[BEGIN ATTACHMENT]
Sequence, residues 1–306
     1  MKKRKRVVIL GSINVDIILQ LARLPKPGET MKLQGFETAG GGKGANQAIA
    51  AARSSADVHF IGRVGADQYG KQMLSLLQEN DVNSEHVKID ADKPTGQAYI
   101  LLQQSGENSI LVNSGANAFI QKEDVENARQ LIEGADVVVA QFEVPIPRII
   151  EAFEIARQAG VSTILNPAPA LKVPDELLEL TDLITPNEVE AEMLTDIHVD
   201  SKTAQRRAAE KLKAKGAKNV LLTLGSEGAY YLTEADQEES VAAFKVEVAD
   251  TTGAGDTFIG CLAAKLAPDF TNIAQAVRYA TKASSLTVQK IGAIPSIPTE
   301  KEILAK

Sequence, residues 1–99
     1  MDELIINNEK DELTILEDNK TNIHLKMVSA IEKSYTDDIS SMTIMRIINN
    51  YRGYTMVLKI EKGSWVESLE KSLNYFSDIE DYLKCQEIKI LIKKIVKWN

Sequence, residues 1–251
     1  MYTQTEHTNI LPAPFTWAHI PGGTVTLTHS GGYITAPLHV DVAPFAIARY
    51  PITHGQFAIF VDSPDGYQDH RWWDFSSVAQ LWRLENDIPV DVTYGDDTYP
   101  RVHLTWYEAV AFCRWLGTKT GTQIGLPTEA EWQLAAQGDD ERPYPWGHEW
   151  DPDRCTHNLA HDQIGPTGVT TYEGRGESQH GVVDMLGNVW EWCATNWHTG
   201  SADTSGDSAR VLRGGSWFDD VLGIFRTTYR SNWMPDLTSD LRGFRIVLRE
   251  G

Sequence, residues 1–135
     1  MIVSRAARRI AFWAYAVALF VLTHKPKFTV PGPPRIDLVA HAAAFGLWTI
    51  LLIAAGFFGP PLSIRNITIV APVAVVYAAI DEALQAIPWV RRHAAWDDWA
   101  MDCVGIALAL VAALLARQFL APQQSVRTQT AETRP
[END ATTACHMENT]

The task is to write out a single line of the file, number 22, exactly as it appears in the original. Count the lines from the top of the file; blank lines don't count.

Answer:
   101  MDCVGIALAL VAALLARQFL APQQSVRTQT AETRP